Fyffe  DC;  Sirey  JA;  Heo  M  et al:  Late-life depression among black and white elderly homecare patients.  American Journal of Geriatric Psychiatry 12:531–535, 2004
[PubMed]
 
Zhang  Y;  Chow  V;  Vitry  AI  et al:  Antidepressant use and depressive symptomatology among older people from the Australian Longitudinal Study of Ageing.  International Psychogeriatrics 22:437–444, 2010
[CrossRef] | [PubMed]
 
Weissman  J;  Meyers  BS;  Ghosh  S  et al:  Demographic, clinical and functional factors associated with antidepressant use in the home healthcare elderly.  American Journal of Geriatric Psychiatry 19:1042–1045, 2011
[CrossRef] | [PubMed]
 
Shao  H;  Peng  TR;  Bruce  ML  et al:  Diagnosed depression among Medicare home health patients: national prevalence estimates and key characteristics.  Psychiatric Services 62:538–540, 2011
[CrossRef] | [PubMed]
 
Mojtabai  R:  Increase in antidepressant medication in the US adult population between 1990 and 2003.  Psychotherapy and Psychosomatics 77:83–92, 2008
[CrossRef] | [PubMed]
 
Gonzílez  HM;  Croghan  T;  West  B  et al:  Antidepressant use in black and white populations in the United States.  Psychiatric Services 59:1131–1138, 2008
[CrossRef] | [PubMed]
 
Conner  KO;  Copeland  VC;  Grote  NK  et al:  Barriers to treatment and culturally endorsed coping strategies among depressed older adults.  Aging and Mental Health 14:971–983, 2010
[CrossRef] | [PubMed]
 
Gallo  JJ;  Bogner  HR;  Morales  KH  et al:  Patient ethnicity and the identification and active management of depression in late life.  Archives of Internal Medicine 165:1962–1968, 2005
[CrossRef] | [PubMed]
 
Harman  JS;  Edlund  MJ;  Fortney  JC:  Disparities in the adequacy of depression treatment in the United States.  Psychiatric Services 55:1379–1385, 2004
[CrossRef] | [PubMed]
 
References Container
 
Anchor for JumpAnchor for Jump
Table 1

Antidepressant usage among 3,157 home health care patients age 65 and older, by race and depression diagnosis

Table 1 

Antidepressant usage among 3,157 home health care patients age 65 and older, by race and depression diagnosis

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References

Bruce  ML;  McAvay  GJ;  Raue  PJ  et al:  Major depression in elderly home health care patients.  American Journal of Psychiatry 159:1367–1374, 2002
[CrossRef] | [PubMed]
 
Fyffe  DC;  Sirey  JA;  Heo  M  et al:  Late-life depression among black and white elderly homecare patients.  American Journal of Geriatric Psychiatry 12:531–535, 2004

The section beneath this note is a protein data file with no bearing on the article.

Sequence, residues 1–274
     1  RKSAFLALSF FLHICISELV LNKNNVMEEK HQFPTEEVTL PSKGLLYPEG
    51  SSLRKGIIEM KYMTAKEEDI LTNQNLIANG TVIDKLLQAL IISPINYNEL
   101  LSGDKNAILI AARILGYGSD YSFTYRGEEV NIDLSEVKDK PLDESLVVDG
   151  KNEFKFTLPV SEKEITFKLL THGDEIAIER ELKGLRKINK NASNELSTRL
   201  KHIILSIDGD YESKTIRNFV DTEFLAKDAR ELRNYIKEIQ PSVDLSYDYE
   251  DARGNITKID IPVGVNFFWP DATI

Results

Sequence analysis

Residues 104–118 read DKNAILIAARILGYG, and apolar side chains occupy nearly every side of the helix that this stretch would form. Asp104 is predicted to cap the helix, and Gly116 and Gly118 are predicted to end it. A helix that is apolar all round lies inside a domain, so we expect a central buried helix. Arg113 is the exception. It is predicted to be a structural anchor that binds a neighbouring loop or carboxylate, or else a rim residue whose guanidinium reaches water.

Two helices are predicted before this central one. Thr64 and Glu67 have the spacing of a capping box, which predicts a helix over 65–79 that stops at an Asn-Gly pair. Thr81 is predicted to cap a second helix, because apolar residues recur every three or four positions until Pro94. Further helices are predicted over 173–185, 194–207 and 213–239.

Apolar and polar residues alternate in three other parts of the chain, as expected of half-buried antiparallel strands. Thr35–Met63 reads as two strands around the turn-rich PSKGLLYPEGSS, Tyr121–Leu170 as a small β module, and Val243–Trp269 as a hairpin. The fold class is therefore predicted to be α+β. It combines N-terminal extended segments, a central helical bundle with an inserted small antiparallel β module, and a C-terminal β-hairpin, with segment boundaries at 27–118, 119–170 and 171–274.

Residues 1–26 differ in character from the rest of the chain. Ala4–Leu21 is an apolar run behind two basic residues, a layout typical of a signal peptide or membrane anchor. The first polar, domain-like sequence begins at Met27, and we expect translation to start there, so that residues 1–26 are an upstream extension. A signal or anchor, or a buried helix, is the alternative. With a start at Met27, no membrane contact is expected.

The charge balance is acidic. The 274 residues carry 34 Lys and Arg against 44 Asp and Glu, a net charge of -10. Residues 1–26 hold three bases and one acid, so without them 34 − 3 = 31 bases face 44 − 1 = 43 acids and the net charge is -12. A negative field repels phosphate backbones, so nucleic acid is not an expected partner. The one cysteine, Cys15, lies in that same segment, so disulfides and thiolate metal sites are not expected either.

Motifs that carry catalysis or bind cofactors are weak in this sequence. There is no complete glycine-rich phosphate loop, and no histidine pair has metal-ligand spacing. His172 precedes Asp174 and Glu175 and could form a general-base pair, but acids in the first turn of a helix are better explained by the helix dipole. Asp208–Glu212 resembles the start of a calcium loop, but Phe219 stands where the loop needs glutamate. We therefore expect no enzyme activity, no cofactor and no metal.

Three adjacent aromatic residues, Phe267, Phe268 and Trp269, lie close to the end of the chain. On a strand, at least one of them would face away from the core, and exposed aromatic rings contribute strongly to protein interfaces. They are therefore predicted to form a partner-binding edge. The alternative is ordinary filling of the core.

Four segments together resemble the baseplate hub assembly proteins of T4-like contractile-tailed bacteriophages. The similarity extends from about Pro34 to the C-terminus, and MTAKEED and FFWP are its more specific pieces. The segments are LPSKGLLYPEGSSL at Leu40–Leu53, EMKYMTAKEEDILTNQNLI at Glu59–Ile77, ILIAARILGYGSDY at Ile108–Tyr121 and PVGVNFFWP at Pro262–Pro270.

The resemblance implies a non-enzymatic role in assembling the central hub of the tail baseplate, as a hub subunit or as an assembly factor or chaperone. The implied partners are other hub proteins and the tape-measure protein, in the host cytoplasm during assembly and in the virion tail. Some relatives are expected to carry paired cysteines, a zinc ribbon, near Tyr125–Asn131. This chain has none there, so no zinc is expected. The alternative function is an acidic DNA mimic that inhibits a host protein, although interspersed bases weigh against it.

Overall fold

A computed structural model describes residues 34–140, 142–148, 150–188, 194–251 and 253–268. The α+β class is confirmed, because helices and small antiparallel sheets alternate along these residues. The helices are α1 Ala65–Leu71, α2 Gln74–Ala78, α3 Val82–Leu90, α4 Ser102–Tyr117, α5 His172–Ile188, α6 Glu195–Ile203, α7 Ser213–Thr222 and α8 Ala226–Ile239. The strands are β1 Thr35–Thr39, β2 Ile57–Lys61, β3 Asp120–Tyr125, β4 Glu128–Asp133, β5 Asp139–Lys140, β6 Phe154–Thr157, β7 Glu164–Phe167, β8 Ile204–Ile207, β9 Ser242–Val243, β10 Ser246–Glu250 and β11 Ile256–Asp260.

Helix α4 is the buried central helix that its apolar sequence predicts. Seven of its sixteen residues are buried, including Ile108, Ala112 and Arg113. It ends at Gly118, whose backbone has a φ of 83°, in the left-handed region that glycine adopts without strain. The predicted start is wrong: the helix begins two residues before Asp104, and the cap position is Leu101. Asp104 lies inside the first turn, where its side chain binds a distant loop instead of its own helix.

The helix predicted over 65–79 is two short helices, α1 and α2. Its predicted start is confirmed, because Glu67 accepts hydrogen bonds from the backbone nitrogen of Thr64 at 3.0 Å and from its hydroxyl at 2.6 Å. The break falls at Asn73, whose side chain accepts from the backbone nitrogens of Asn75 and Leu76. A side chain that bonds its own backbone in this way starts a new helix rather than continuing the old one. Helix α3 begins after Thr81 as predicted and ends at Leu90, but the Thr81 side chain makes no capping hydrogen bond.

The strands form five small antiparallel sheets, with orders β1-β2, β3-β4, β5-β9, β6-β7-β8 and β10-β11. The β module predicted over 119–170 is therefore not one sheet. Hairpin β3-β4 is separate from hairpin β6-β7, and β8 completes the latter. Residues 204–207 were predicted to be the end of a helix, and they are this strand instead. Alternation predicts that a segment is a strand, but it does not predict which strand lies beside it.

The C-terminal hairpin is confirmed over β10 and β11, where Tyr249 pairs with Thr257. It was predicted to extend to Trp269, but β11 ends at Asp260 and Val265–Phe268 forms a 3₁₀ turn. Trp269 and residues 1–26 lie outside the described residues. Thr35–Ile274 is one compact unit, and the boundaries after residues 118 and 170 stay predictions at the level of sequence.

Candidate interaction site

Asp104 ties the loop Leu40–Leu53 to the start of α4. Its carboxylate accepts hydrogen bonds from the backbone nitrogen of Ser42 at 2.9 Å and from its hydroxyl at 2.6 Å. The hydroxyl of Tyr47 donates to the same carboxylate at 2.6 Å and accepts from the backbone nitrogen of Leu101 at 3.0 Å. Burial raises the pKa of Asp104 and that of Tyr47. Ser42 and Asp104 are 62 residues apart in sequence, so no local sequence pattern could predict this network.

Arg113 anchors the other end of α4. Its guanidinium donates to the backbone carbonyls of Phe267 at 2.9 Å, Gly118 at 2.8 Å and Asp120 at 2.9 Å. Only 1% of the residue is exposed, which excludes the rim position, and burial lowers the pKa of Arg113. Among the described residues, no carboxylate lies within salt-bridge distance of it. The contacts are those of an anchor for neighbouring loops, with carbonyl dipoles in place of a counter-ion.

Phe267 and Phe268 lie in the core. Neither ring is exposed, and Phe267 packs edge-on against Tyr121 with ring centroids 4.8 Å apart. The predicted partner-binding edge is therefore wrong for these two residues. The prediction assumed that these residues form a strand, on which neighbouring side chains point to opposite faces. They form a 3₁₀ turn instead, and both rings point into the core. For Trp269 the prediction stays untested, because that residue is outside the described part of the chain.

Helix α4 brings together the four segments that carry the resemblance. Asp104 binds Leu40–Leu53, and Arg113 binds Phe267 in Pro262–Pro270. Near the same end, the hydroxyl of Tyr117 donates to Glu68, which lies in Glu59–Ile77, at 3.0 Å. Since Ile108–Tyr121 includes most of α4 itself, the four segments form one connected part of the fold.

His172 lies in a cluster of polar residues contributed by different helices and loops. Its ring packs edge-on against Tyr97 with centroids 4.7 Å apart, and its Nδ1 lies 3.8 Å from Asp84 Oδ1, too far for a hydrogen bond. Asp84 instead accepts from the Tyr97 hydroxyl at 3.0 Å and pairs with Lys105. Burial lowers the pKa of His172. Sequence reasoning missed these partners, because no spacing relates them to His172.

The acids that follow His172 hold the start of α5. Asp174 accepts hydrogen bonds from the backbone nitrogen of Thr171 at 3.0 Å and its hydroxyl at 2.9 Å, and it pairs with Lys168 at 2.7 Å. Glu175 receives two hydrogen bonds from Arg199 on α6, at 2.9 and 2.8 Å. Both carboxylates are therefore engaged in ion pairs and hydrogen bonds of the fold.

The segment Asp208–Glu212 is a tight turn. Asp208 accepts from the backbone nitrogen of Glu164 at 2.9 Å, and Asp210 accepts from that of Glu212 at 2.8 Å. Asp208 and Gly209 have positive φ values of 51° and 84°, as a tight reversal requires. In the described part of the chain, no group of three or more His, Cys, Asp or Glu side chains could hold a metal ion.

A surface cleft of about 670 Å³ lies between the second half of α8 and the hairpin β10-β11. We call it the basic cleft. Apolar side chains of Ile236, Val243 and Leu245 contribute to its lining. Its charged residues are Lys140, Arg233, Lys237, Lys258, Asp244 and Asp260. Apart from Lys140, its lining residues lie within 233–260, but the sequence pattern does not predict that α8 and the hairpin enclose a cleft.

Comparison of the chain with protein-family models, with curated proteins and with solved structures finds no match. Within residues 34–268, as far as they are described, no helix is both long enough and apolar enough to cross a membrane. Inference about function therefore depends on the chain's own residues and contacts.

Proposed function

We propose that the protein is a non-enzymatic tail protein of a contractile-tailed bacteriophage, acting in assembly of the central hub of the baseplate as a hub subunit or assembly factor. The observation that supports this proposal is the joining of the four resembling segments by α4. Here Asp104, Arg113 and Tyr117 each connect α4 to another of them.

[PubMed]
 
Zhang  Y;  Chow  V;  Vitry  AI  et al:  Antidepressant use and depressive symptomatology among older people from the Australian Longitudinal Study of Ageing.  International Psychogeriatrics 22:437–444, 2010
[CrossRef] | [PubMed]
 
Weissman  J;  Meyers  BS;  Ghosh  S  et al:  Demographic, clinical and functional factors associated with antidepressant use in the home healthcare elderly.  American Journal of Geriatric Psychiatry 19:1042–1045, 2011
[CrossRef] | [PubMed]
 
Shao  H;  Peng  TR;  Bruce  ML  et al:  Diagnosed depression among Medicare home health patients: national prevalence estimates and key characteristics.  Psychiatric Services 62:538–540, 2011
[CrossRef] | [PubMed]
 
Mojtabai  R:  Increase in antidepressant medication in the US adult population between 1990 and 2003.  Psychotherapy and Psychosomatics 77:83–92, 2008
[CrossRef] | [PubMed]
 
Gonzílez  HM;  Croghan  T;  West  B  et al:  Antidepressant use in black and white populations in the United States.  Psychiatric Services 59:1131–1138, 2008
[CrossRef] | [PubMed]
 
Conner  KO;  Copeland  VC;  Grote  NK  et al:  Barriers to treatment and culturally endorsed coping strategies among depressed older adults.  Aging and Mental Health 14:971–983, 2010
[CrossRef] | [PubMed]
 
Gallo  JJ;  Bogner  HR;  Morales  KH  et al:  Patient ethnicity and the identification and active management of depression in late life.  Archives of Internal Medicine 165:1962–1968, 2005
[CrossRef] | [PubMed]
 
Harman  JS;  Edlund  MJ;  Fortney  JC:  Disparities in the adequacy of depression treatment in the United States.  Psychiatric Services 55:1379–1385, 2004
[CrossRef] | [PubMed]
 
References Container